As I’ve said elsewhere on the blog, I believe designers should draw as often as possible. One of the best exercises, time-tested over hundreds of years of fine art tradition, is copying the Masters. But can you do this on lunch break? Sure—with a little help from a grid!
Grids aren’t just for layout you know. They were used for painting long before they were used for page layout. Try this for a few lunch break sessions and you’ll be a master-sketcher of the Masters in no time.
How to sketch a copy of a Master painting on lunch break
Without getting into philosophy, here are the details and the example:
- Get an image of a painting you like and paste it into Photoshop
- Crop the image to the detail you want to work on
- Add a grid to the image using this tutorial: How to create a grid quickly and easily with Photoshop. Be sure not to make the grid too small. My example is a 3 x 3 grid, of a roughly 300px x 300px image.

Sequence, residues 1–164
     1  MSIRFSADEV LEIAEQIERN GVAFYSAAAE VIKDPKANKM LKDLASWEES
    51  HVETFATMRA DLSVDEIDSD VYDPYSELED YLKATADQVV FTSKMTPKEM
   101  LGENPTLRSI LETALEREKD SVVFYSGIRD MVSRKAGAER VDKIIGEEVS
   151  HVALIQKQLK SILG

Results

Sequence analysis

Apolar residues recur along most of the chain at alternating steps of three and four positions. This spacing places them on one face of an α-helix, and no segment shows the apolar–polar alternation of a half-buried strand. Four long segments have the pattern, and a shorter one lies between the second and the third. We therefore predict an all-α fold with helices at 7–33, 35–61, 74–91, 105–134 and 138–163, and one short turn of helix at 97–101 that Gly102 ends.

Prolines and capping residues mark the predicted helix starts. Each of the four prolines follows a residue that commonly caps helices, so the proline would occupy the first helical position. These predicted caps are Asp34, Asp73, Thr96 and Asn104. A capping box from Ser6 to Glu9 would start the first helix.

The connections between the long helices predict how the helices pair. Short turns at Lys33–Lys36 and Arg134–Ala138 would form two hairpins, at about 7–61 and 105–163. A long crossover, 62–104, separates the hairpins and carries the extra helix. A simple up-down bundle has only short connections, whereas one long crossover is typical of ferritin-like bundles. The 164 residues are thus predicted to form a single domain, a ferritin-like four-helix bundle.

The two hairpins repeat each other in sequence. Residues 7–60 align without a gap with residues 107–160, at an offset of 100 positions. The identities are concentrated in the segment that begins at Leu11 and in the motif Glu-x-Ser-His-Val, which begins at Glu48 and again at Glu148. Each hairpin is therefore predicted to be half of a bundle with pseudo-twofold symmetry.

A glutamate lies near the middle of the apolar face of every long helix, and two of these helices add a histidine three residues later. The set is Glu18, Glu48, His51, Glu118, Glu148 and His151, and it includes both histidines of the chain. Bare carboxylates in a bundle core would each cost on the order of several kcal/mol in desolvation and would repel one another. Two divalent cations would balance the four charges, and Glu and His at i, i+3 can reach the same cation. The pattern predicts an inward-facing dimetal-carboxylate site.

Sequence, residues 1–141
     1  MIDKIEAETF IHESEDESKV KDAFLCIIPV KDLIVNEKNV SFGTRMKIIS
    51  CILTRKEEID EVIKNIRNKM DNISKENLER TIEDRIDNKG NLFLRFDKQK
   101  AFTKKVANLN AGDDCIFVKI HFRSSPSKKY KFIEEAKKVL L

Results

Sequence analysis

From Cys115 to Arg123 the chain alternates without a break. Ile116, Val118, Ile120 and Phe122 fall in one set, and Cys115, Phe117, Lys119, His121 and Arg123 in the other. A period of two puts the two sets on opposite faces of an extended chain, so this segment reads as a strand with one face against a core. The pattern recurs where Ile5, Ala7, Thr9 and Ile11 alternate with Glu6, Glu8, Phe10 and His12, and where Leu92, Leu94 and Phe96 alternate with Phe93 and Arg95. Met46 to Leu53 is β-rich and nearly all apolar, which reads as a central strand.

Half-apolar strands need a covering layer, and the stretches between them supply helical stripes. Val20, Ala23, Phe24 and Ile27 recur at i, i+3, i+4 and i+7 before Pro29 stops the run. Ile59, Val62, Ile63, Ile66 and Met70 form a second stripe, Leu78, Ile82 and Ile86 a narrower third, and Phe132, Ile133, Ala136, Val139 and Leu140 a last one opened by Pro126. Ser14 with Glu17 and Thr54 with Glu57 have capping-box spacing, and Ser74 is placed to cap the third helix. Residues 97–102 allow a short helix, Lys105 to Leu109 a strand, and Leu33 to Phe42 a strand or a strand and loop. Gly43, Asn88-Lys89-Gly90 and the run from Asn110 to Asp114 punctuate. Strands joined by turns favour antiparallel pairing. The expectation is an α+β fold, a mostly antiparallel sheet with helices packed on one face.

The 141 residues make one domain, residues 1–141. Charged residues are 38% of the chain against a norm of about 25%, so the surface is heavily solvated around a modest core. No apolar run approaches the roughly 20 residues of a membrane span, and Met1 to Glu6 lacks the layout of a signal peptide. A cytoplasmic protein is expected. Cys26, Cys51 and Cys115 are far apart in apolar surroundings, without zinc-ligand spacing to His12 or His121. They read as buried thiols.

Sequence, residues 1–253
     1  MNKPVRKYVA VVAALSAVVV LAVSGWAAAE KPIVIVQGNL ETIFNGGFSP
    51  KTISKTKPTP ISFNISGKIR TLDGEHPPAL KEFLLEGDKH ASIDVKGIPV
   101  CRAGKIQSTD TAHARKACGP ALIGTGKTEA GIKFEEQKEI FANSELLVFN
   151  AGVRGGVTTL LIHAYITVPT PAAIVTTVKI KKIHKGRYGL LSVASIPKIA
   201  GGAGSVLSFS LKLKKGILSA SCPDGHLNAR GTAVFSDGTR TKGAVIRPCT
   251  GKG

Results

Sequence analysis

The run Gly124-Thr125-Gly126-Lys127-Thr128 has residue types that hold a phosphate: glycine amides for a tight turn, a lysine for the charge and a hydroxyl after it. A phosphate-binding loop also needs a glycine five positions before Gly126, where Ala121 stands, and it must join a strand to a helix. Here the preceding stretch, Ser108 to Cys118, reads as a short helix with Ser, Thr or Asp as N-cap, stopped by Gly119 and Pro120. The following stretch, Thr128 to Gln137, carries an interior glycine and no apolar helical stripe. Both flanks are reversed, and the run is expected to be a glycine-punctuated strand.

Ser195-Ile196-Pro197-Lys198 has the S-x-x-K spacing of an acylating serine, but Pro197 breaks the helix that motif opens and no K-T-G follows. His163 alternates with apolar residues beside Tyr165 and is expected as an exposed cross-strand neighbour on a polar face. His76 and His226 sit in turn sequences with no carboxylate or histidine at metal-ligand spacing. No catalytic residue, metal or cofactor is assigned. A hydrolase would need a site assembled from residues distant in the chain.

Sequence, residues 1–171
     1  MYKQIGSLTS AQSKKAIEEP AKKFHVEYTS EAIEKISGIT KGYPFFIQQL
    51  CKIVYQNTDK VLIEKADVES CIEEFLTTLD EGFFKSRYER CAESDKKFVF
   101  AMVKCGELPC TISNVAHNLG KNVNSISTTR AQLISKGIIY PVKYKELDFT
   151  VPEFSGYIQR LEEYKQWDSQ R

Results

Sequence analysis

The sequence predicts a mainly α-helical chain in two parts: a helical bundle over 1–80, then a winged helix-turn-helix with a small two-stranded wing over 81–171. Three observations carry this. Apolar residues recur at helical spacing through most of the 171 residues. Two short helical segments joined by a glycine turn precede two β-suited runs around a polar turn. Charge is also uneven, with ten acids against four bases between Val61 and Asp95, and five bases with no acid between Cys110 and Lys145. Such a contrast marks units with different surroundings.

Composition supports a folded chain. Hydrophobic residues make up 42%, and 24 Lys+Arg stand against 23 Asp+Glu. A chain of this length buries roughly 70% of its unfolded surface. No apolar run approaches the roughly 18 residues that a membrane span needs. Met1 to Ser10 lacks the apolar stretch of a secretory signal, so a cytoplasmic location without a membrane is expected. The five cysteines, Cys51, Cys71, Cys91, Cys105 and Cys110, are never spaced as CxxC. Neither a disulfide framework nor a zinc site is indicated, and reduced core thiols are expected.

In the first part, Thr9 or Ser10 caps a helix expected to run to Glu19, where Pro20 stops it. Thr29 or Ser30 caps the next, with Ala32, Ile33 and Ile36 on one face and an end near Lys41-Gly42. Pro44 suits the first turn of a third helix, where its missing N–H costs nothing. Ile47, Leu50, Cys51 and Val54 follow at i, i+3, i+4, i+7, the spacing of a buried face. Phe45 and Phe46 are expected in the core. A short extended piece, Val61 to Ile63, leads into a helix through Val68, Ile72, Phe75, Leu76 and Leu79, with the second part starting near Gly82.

- Leave the image up on your computer screen
- Create a grid with the same number of squares in your sketchbook
- Squint and lightly pencil in the main lines and angles
- Rinse, wash, repeat until you have it blocked out. Move around from block to block and don’t sweat the details
- When you have enough blocked in, start sweating some details, in layers
- Progressively add more tone to the sketch until lunch break is over
- Don’t over work it, but repeat at lunch tomorrow
Here are a couple of shots of the fruit of my labor, 30-45 mins, having followed those exact steps. Click to enlarge. Enjoy!
The orignal 300 x 300 image I cropped:
P.S. Yes, his ring finger is a little odd